Kickoff For June 6, 2022

Welcome to this week’s edition of the Monday Kickoff, a collection of what I’ve found interesting, informative, and insightful on the web over the last seven days.

It’s hard to believe that yet another month has rolled around so quickly. Just wish it would happen a bit more slowly!

Let’s get this Monday started with these links:


The big idea: should we get rid of the scientific paper?, wherein Stuart Ritchie argues that scientific journals need to change the way in which they gather, review, and publish research to make the process better suited to the internet age.

Beyond the Second Law of Thermodynamics, wherein we learn how scientists are trying to update and revise the titular law.

Where do theories come from?, wherein a group of physicists explains how they generate ideas, and how some of those ideas develop into theories that they can test.


China Dreams Of A Palace In The Sky, wherein Jacob Dreyer recounts China’s ambitions in space, and how the country’s government is getting the public (especially the middle class) on board with those ambitions.

Spaceplanes: The return of the reusable spacecraft?, wherein we learn how a British startup is trying to revive a space transport concept thought dead and obsolete.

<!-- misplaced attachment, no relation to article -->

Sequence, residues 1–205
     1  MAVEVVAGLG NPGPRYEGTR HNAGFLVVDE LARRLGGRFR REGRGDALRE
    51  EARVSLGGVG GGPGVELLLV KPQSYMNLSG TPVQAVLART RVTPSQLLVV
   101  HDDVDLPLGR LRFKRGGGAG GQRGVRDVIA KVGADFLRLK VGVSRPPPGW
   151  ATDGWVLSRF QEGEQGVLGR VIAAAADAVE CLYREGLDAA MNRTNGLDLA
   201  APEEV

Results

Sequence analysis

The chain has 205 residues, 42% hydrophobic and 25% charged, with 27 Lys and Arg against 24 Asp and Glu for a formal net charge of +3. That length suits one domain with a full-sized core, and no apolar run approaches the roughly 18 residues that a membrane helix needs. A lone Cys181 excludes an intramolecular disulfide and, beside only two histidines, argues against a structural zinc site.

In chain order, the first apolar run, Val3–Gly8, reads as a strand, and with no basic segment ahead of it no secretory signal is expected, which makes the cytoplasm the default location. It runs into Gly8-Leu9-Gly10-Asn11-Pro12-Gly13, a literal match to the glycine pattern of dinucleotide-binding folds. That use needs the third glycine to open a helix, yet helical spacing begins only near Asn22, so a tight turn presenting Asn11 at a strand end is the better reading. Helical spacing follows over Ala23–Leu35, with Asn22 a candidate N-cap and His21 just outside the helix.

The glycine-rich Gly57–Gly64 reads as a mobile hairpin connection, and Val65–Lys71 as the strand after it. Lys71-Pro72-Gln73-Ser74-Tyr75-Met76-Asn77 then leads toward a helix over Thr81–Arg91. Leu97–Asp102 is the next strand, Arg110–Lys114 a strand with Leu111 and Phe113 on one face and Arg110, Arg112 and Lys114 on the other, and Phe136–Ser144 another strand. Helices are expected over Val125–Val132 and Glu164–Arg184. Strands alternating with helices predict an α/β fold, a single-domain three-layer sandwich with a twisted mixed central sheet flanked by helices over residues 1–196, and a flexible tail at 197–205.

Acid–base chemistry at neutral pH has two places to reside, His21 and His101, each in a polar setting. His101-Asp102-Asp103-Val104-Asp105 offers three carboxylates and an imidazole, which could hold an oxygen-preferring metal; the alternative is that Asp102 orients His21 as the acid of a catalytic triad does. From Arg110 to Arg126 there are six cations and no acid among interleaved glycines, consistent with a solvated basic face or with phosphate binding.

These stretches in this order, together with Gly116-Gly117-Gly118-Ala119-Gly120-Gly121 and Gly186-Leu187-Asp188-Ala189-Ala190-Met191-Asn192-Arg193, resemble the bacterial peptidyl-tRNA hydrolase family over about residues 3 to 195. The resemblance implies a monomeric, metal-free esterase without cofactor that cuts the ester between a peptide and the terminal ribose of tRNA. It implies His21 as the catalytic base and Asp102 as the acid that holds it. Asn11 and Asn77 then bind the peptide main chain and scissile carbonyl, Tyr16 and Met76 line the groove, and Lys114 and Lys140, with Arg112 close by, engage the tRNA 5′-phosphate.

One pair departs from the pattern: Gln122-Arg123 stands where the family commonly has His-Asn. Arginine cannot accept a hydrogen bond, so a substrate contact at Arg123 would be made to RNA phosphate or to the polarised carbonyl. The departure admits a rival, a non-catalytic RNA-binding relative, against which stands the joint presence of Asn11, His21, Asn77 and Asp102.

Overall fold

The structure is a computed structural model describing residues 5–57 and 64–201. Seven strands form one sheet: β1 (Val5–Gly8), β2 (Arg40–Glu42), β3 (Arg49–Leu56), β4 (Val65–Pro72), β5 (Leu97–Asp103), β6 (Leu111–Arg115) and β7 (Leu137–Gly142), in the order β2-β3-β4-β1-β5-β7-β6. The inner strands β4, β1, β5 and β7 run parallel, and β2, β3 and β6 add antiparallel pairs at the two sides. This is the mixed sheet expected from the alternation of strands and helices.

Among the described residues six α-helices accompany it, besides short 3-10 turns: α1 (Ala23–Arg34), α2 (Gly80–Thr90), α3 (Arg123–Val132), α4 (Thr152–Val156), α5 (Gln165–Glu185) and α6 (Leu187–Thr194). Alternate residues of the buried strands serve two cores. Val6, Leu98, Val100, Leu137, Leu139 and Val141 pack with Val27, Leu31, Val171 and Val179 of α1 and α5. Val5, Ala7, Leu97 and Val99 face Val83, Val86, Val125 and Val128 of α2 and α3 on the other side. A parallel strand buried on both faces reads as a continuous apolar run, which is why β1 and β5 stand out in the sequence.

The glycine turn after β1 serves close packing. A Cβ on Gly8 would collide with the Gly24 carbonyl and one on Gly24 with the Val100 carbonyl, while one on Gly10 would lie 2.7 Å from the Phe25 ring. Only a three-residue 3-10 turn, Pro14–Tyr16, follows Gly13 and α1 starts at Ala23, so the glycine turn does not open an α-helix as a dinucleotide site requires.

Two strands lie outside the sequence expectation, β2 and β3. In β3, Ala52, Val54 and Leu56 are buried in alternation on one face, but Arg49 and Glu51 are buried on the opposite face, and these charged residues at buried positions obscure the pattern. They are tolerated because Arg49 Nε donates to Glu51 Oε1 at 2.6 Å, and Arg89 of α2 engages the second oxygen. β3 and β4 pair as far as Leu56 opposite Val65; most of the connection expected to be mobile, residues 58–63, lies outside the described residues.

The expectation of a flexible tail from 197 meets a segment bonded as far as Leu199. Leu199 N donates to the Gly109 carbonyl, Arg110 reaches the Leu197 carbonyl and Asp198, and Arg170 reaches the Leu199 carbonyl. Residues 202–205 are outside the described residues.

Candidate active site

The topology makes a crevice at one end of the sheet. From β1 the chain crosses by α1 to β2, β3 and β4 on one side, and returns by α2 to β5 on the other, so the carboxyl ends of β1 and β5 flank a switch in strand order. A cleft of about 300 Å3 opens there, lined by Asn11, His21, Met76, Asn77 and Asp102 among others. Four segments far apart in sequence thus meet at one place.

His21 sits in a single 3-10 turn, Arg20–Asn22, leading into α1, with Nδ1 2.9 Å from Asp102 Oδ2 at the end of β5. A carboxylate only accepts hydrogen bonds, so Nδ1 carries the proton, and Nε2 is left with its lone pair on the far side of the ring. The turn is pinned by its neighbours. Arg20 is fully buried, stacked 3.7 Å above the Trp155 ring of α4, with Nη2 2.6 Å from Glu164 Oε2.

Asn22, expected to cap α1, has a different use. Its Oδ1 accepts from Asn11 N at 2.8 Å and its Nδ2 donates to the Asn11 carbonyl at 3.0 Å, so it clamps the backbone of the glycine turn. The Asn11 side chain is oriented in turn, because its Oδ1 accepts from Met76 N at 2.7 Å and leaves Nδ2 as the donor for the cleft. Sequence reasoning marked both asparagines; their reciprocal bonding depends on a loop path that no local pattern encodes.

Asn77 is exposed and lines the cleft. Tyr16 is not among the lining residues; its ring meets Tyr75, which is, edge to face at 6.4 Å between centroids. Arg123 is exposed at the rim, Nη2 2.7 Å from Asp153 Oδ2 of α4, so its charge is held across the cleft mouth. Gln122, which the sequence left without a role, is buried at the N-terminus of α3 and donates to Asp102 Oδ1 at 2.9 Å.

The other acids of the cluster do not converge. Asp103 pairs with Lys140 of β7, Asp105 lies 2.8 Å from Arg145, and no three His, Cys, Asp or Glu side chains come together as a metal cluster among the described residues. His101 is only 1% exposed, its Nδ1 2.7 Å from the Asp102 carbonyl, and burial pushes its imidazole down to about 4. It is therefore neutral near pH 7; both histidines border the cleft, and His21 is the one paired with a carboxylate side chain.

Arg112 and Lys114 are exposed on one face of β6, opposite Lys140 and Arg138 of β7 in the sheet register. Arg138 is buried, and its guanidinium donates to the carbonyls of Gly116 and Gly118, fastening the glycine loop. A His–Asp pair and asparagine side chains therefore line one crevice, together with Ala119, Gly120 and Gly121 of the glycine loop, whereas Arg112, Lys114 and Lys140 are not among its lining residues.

The Moon Is Underrated, wherein Sean Raymond looks at how our planet’s natural satellite came into being, and why the moon is so important to us.


Why Your Leisure Time is in Danger, wherein Krzysztof Pelc argues that employee time off should be viewed (by employers and employees) as time to rest and that we must should fight the urge to reduce it to a productivity hack.

Destroy What You Know, wherein Leo Babauta offers a short bit of advice about how to really change your life or learning.

How to be indistractable, wherein Nir Eyal shares their research into distraction (and, no, it’s not always caused by technology), and offers some sensible advice about how to combat your distractions.

And that’s it for this Monday. Come back in seven days for another set of links to start off your week.

Scott Nesbitt